Starter Herps
by Owen Maercks
October 1, 2013
Sometimes steering customers away from the pet they think they want and toward a more appropriate choice is a retailer’s best sales strategy.

 

 

 

When a first-timer comes into your store, what is the most likely request they will make in terms of a snake, lizard, turtle or a frog? I am guessing the most common answers to those questions are garter snake, green anole, red-eared slider and bullfrog—those are all pretty terrible choices.


Most garter snakes are flighty, tend to musk when handled, and are prone to water blisters. Green anoles have generally short lifespans and are equally flighty and unhandeable. Red-eared sliders are dirty, get larger than most people envision and can deliver a bite that would not soon be forgotten. Bullfrogs, like sliders, are an ecological nightmare and require enormous tanks. They too do not handle well at all.


When it comes to exotics sales, the first hurdle for the pet professional is to steer customers to a better path than the one they are on. When I work with new customers, I find that I almost always have to dispel their notions of what they believe will make a good first pet. Things are better now than they once were; I used to always have to do this. Nowadays, I sometimes breathe a sigh of relief when a family comes into the store and says, “We want a corn snake!” or “We are thinking about leopard geckos!” Good choice!


I find that most folks who come in seeking a garter snake are doing so because they want to avoid having to feed live mice to any pet. That’s an aesthetic choice, and there is nothing much you can do to change people’s aesthetics. However, I find many people who do not want to see a mouse die in front of their eyes can adjust surprisingly easily to the notion of thawing a frozen mouse and placing it in front of a snake. Most snakes, of course, don’t really care.


As for non-rodent-eating serpentine pets, in my experience, very few make for a good pet experience. Fish eaters tend to bite. Insect eaters tend to need more elaborate setups and care than most people want to provide, especially for a first-time pet owner. Bird eaters tend to raise the same objections out of people as rodent eaters. And lizard eaters require a prey item that is at best expensive, and often difficult to provide with regularity.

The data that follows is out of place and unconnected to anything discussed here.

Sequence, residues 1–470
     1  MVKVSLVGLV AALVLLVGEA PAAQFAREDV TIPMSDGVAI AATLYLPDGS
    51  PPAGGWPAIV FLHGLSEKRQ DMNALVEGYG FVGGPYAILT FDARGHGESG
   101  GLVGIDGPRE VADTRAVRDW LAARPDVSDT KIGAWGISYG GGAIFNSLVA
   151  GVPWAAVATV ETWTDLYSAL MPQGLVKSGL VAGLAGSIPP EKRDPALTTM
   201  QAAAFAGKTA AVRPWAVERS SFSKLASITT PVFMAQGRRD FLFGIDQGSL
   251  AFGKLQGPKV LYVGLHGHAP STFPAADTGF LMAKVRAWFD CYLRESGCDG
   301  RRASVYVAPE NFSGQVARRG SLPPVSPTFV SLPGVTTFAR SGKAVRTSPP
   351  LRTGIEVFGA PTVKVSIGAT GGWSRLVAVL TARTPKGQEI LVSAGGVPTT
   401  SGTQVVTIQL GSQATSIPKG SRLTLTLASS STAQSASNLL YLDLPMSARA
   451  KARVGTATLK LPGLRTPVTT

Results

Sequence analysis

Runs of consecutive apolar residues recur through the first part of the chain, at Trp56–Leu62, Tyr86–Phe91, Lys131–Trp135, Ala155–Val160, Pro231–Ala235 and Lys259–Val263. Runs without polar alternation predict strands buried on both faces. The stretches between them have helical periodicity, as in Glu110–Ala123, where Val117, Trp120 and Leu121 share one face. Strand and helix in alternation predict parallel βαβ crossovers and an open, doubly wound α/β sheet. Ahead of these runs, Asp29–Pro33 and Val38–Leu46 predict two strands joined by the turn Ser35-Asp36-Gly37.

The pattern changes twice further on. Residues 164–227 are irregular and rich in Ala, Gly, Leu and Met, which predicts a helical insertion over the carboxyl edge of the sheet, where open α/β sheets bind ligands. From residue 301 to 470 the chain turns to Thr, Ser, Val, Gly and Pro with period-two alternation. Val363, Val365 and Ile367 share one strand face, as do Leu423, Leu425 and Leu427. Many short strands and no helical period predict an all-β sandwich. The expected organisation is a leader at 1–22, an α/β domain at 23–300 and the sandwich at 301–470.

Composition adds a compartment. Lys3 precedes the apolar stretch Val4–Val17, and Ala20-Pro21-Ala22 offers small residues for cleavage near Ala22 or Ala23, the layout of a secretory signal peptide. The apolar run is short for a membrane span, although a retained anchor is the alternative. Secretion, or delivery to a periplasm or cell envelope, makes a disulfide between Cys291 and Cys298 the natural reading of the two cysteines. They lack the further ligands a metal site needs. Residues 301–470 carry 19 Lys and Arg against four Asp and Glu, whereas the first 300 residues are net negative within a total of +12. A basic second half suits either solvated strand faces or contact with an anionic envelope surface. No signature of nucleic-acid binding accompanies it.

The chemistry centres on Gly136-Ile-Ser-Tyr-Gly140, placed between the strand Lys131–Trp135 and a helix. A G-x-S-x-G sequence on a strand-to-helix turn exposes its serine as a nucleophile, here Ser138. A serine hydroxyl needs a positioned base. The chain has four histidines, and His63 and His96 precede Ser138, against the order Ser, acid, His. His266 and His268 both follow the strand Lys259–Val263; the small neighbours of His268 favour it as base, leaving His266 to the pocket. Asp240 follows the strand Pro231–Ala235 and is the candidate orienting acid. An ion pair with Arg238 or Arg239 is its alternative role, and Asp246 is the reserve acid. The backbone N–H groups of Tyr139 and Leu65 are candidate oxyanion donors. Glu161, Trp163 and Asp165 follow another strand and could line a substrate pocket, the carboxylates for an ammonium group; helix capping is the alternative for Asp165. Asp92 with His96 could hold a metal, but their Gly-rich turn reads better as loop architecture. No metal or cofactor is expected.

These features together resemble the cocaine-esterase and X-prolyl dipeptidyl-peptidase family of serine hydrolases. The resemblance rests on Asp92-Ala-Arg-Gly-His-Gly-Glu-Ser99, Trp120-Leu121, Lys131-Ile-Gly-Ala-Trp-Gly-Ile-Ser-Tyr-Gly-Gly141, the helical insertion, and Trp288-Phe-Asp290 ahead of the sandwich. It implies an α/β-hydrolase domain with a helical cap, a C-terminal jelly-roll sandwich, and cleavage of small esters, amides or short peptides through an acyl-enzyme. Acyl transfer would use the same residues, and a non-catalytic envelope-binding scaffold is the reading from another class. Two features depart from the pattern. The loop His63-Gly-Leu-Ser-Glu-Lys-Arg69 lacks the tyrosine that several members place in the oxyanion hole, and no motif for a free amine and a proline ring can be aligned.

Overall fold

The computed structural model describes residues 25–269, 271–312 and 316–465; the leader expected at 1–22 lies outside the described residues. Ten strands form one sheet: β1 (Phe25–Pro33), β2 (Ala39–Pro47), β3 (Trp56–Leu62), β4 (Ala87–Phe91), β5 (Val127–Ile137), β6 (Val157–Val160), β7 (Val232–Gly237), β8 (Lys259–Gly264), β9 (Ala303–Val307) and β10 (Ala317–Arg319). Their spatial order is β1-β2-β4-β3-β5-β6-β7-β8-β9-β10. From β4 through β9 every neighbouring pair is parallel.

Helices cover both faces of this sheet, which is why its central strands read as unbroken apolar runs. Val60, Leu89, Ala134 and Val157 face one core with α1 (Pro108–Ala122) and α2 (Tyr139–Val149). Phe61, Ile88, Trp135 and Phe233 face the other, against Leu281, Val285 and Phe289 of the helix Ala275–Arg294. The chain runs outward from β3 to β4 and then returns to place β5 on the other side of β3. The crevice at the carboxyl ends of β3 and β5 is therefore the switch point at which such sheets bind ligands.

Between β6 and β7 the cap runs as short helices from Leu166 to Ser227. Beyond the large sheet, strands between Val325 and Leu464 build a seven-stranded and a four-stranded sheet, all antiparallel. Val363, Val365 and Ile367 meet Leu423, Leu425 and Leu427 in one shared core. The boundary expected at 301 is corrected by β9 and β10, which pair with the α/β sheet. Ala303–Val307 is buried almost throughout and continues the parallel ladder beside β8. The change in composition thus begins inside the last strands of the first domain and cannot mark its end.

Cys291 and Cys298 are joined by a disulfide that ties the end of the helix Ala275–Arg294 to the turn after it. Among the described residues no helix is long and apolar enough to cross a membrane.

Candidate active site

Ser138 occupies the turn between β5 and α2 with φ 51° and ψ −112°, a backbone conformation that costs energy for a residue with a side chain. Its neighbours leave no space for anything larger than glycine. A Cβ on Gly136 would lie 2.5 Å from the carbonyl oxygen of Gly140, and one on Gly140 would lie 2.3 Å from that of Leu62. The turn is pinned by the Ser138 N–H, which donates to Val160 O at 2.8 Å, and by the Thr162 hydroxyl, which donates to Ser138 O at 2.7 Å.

The other objection many people raise to snakes is their size. Corn snakes and king snakes, which make for fine pets, get four to six feet in length. Many people hear that and equate it to a four- to six-foot human. I remind them that, if they think of a snake as a length of rope, a six-foot piece of rope would coil easily into the palm of one’s hand.


Green anole customers have a different agenda: they see a lizard that costs less than ten dollars, and they like that. I understand this. Who wants to invest enormous amounts of money on what may be a child’s passing fancy? I like to point out that, whether the pet itself costs ten dollars or a hundred dollars, the basic equipment is going to run about the same. If you are investing a hundred or more dollars to house, heat and light an animal, the price of the animal itself becomes less significant.


Anoles are, in fact, not only short-lived and nearly impossible to tame, they actually require more equipment than some other lizards. Leopard geckos, on the other hand are easily tamed, long-lived and easily maintained. The fact that they cost triple what an anole does quickly becomes meaninglessness when the cost is more than offset by the savings in setup. And, it’s a way better pet, which is much more likely to engender a child’s long-term interest and love, thus making the chances much stronger for a positive outcome to the entire transaction.